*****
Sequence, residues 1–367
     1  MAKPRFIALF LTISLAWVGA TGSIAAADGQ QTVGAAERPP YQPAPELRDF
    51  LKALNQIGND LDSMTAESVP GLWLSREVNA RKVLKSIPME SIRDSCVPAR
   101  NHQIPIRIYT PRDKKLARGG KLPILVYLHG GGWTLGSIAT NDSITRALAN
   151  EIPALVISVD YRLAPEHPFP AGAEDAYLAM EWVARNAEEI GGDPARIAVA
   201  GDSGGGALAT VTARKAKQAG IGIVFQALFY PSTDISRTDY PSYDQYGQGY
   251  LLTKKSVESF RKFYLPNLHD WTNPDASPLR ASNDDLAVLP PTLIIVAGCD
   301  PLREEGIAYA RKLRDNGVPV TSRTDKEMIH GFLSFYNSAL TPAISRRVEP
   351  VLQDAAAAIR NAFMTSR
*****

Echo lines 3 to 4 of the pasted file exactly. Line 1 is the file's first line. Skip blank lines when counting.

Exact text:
    51  LKALNQIGND LDSMTAESVP GLWLSREVNA RKVLKSIPME SIRDSCVPAR
   101  NHQIPIRIYT PRDKKLARGG KLPILVYLHG GGWTLGSIAT NDSITRALAN